Defoliation is the process of pruning leaves to induce a new flush of finer growth and is an important part of the upkeep of bonsai trees to keep them in proper shape. It should be performed only on healthy trees. Bonsai defoliation involves removing some or all of the leaves of a tree thereby forcing it to grow new leaves which are smaller in size. This also leads to increased ramification. The increased energy after new leaf formation encourages more branching, thereby causing thickening of the trunk line. Defoliation can be carried out on most deciduous trees but some plant species need to be handled more carefully.
The bonsai defoliation process can be broadly classified into two categories of pruning based upon its purpose:
- Structural Pruning : The main objective of this is to shape and style the bonsai. It is preferably done on young trees.
2. Maintenance Pruning : This is done to give a boost to the growth and vitality of the bonsai. It is generally done during the growth season and also helps in keeping the bonsai in shape.
How to defoliate a bonsai tree
Bonsai can be defoliated in four ways
- Removal of all the leaves from the plant .
This is generally done when wiring and shaping the plant so that the entire branch structure becomes visible. Complete defoliation should not be carried out
- On freshly potted plants.
- When the plant has pest infestation.
- On young or weak plants.
- During May and June when the temperature is high.
One can reduce the stress of the tree by defoliating it while doing some off-season emergency repotting , specially in summers. Since there will be no transpiration due to the removal of all leaves , the roots. instead of supplying water, use their energy in establishing themselves in the new soil.
2. Removal of outer Canopy
Extra growth is removed by defoliating the outer canopy only while keeping the inner canopy intact.
3. Removing about one third of the leaves
This is done mostly when the plant is young and cannot bear the stress of too much foliage.
4. Removing only the larger leaves
This encourages the production of new smaller sized leaves and involves the removal of big leaves while leaving the smaller ones intact.
The tree should be defoliated by cutting the leaf where it joins the leaf stalk so that the leaf-stalk remains intact and attached to the branch. The defoliated plant should be kept in shade or semi-shade and never be kept under direct sunlight.
Defoliation can also be used to reduce or boost growth of certain parts of a tree, for example, defoliate the top part of the tree while leaving the bottom part untouched, in doing so you restore balance in the tree. Selective defoliation is very useful if you want to strengthen a particular weak branch, which does not match the thickness of other branches in a mature tree. This can be achieved by defoliating all the branches except the specific one. Retaining all the leaves in the specific branch will encourage it to grow longer and thicker.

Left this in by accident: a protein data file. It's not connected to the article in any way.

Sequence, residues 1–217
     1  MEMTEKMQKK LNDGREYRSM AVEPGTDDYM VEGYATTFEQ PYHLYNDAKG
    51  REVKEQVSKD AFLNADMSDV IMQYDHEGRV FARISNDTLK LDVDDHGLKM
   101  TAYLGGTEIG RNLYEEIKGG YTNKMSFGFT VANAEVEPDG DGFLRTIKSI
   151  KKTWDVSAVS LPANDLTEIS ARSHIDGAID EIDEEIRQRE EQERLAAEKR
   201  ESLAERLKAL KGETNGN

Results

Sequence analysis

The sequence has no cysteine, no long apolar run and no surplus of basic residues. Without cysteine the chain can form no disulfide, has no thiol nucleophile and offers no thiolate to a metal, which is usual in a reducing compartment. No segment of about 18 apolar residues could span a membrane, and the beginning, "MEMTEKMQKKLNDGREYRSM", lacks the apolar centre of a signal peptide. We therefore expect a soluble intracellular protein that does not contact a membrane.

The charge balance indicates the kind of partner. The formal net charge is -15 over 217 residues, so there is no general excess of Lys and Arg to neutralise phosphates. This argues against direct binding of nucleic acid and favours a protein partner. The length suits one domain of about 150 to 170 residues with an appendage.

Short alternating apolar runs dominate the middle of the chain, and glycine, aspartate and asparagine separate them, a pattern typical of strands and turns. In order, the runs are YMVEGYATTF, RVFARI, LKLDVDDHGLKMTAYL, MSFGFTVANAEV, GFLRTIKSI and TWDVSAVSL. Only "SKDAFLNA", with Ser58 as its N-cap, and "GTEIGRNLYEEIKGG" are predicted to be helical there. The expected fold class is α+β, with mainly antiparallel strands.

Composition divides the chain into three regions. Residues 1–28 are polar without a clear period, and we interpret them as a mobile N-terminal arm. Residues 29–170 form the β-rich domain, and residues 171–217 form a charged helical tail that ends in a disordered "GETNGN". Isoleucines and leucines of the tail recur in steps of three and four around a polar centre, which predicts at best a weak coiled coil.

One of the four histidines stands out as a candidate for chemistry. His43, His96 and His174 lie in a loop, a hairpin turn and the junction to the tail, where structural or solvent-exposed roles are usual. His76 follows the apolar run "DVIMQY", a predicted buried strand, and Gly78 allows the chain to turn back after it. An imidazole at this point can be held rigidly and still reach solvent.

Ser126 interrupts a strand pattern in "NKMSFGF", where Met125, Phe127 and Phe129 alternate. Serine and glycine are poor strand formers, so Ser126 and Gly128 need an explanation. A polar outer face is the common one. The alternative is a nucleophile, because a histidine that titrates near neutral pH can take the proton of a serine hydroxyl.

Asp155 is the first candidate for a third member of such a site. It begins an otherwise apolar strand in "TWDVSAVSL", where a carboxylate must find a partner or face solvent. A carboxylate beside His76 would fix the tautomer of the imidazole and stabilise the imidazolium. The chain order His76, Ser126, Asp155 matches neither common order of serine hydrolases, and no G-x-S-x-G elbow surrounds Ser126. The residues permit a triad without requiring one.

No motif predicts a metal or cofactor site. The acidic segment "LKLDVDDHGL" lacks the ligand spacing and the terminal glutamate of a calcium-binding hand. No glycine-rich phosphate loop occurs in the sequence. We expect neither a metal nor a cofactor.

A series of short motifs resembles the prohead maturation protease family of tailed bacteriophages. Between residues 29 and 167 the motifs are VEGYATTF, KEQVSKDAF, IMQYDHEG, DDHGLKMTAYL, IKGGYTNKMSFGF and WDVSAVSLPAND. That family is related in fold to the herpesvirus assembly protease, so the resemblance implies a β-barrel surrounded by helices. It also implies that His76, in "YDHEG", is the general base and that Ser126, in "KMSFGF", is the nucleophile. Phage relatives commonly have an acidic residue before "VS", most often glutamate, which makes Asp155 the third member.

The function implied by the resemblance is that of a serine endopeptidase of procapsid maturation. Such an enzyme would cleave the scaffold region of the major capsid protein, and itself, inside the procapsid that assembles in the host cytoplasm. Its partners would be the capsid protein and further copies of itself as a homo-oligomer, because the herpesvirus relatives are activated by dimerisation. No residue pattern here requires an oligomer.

The vigour of a particular branch can also be reduced ( if it is thicker than needed in your design) by just defoliating that branch whilst leaving the other branches untouched.
When to carry out defoliation
In Delhi depending on the variety of tree, defoliation can be carried out twice a year. The first defoliation should be done in late August to early September, specially on Pilkhan and some varieties of Ficus, when there is a lot of growth during the monsoon. Weak branches which may be diseased or lanky because of lack of sunlight during rains can also be removed. This is also the time to restucture the tree or change its style.
The second defoliation is done in late February or early March when the tree is vibrant with lots of new growth but has too many unnecessary branches. Again at this time one can get rid of all unwanted branches after defoliation so as to give a neat look to the design of the bonsai.
Feeding tips after defoliation
After defoliation the tree should be fed a potassium and phosphorus rich diet. No nitrogen is added as nitrogen feed after defoliation results in longer internodes and larger new leaf size. Potassium is useful for enhancing the leaf colour, and when combined with phosphorus it takes care of the health of the roots. The addition of phosphorus also thickens the roots and helps them to fuse if they are already thick. Dried banana leaves or wood ash can be used as natural sources of potassium. Bone meal is a good source of phosphate.
The correct ratio of nitrogen, phosphorus and potassium at different stages of bonsai growth are essential for the development of proper roots, branches and leaves. For example. a young Ficus tree needs more nitrogen to mature more quickly than the one which is already established and mature. In a pot, if the concentration of one element is more than needed, the absorption of other minerals will be reduced. So it is necessary to maintain the NPK balance.
Fruiting trees should never be defoliated while they are fruiting. The needs of fruiting bonsai are different since they are not growing in the ground, and the concentration of nutrients required for the proper formation of fruit is also different. Phosphate along with potassium should be given to all flowering and fruiting bonsai in the spring. The nitrogen content should be kept low as nitrogen encourages vegetative growth in the tree